This farce reached Kafkaesque proportions when the Kenyan government, fed up with the cost of putting up hundreds of members of the TFG parliament and fifty plus members of its government, not to mention their posturing and self-aggrandizement, forced them to go to Somalia under threat of eviction from Kenya. Yusuf and many of his ministers refused to go to Mogadishu, fearing assassination at the hands of the warlords which controlled that city and were their cabinet colleagues in the TFG! The TFG thus became split between the Yusuf camp which set up base in Jowhar, a small regional town some 90 kilometers to the south, while the opposing faction, comprising the Mogadishu warlords and some members of parliament lead by the Speaker, remained ensconced in the capital. After much brow beating and overt threats to cut off funding and recognition on the part of IGAD, AU and the EU, the two sides were forced to meet in Baidowa to settle their differences. When the Yusuf camp went to Baidowa to attend the parliamentary session scheduled there, the warlord in control of Jowhar promptly switched his allegiance to the Mogadishu group and began to loudly denounce Yusuf.
While the TFG was engaged in this ‘theatre of the absurd’, the UIC had been consolidating its militias and encouraging defections from the militias of the warlords, whose fighters were often not being paid but left to extort money and favors from the public. The UIC soon began to challenge the warlords individually in their respective fiefdoms, and with the support of a tired and brutalized populace they began to have some success. The warlords, realizing that they were under serious threat for the first time in thirteen years, banded together and sought support from the US, citing the UIC’s links with Al Qaeda. In a incredibly short sighted and callously amoral decision, the US government decided to support the warlords with money and arms against what had become a popular uprising lead by the UIC. In short order, the warlords were roundly defeated to the joy of the long suffering people of Somalia and the UIC began to consolidate its grip on power.
However, the joy of the people has been short lived as the true nature of the Ittihad faction in control of the UIC and its program has become clear. The public, while grateful for the peace and security that has now been established across Mogadishu and much of the country that is under UIC control, is beginning to realize that they have exchanged warlord anarchy for despotism masquerading as theocracy. There have already been spontaneous demonstrations against the strictures imposed by the UIC and its militias have dealt with these examples of popular dissent savagely resulting in several deaths. While the US government was certainly remiss in choosing to support the warlords which had terrorized and tyrannized the people of Somalia for so long, it is also true that those who look upon the UIC through rose-tinted glasses and insist upon viewing it as the saviors of Somalia’s long suffering people are equally remiss and misguided.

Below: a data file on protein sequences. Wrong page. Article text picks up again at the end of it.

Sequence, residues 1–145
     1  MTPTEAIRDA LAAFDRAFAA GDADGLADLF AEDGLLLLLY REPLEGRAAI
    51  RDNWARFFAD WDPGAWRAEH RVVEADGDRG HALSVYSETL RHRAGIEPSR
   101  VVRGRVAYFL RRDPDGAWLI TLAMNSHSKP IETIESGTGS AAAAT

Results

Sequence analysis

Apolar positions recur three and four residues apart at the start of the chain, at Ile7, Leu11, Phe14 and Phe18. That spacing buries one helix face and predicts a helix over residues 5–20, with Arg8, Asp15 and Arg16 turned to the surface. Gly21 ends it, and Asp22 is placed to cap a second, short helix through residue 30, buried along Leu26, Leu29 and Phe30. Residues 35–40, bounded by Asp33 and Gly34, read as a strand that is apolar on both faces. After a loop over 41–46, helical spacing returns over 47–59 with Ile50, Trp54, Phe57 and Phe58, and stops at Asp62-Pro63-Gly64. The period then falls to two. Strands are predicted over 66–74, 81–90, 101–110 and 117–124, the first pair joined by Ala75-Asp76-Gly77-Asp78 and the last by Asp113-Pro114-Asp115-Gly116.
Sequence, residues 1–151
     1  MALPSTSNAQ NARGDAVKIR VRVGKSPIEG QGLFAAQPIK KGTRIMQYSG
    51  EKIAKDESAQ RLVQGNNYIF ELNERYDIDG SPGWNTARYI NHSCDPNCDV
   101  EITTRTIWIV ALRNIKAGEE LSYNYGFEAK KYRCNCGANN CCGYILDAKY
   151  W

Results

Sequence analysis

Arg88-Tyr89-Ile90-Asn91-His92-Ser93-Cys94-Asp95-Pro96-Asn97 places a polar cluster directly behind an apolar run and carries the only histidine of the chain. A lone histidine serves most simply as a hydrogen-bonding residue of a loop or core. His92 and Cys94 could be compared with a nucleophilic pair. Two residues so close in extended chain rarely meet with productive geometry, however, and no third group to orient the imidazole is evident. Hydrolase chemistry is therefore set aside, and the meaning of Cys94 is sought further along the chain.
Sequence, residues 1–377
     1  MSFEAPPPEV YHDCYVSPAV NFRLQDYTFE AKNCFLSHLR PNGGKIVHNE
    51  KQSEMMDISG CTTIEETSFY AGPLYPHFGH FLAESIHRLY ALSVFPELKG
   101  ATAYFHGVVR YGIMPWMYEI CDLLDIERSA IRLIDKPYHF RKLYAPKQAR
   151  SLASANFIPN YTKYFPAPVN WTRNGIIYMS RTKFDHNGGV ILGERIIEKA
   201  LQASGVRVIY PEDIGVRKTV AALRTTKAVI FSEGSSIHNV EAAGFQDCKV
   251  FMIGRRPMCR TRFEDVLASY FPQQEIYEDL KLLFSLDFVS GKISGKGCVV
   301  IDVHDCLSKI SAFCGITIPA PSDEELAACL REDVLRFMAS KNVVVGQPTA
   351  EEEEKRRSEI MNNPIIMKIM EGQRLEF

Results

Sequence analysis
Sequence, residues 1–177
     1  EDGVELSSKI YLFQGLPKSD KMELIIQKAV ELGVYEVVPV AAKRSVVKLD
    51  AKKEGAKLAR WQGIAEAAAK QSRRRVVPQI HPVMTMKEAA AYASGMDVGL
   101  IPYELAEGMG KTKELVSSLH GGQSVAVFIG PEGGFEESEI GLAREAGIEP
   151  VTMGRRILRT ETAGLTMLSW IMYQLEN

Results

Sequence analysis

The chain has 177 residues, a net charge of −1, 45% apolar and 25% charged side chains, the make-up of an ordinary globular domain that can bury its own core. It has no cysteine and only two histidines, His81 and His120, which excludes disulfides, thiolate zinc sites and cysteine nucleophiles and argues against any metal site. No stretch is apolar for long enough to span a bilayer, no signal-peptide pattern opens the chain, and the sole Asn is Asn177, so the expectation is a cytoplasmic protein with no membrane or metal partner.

Make no mistake, Aweys and his cohorts are ruthless demagogues who have long sought to recover the power they held under the Barre dictatorship, and they are determined to launch their dream of irredentist conquest from the base they have secured in Somalia. The fundamentalist Islam they profess is nothing more than the credo they have determined will best enable them to pursue their aims. These people adopt ideologies in much the same way as political parties in Europe form and dissolve alliances in pursuit of parliamentary majorities to form governments. There is no doubt whatsoever that a UIC regime under Aweys poses a clear and present danger not only to the people of Somalia, but indeed to the entire Horn of Africa region. The response of the international community to the success of the UIC in effectively taking over control of Somalia has been to insist that it recognize the ‘fiction’ of the TFG (as Professor J. Peter Pham succinctly put it in his recent testimony before the Foreign Affairs Committee of the US Congress) and enter into talks with it.
The truth is that no one in Somalia supports the TFG, except of course its own self-seeking members, and Abdillahi Yusuf is a sick and fragile old warlord has-been that is widely reviled, even among many of his own clansmen, as a bloodthirsty tyrant. As for the warlord members of his government, the fact that the people of Somalia rose up en masse to support their UIC opponents at the first real opportunity to unseat these venal architects of anarchy speaks for itself. The international community, particularly Somalia’s neighbors, IGAD and the West have to accept the harsh reality that Somalia is in the grip of the UIC and that the TFG is not a real or credible alternative. Aweys and the UIC detest Yusuf and his fellow warlords as much as they detest Ethiopia, and the UIC sees Yusuf as nothing more than a stooge in the pay of Addis Ababa. Even if the UIC agrees to recognize Yusuf’s TFG and conduct negotiations with it, this will only be a temporary tactic to bide their time until they feel they can remove or kill him with relative impunity.
Any agreement brokered between the TFG and UIC will be nothing more than a fig leaf to hide the ugly and unpalatable truth that neither side is truly representative of the people of Somalia, that they can’t abide each other and that both are merely seeking to buy time until they can destroy the other. Given that the TFG is powerless militarily against the UIC; their only hope is to bring the Ethiopians into any armed conflict with the UIC, while the UIC has Eritrea as its principal arms supplier and Egypt as its principal political backer at present. In any armed conflict with Ethiopia, the UIC would also seek, and probably secure arms from Egypt, Sudan and Yemen which have in the past supplied arms to Ittihad. In such a scenario, the US would probably decide to support the TFG and Ethiopia.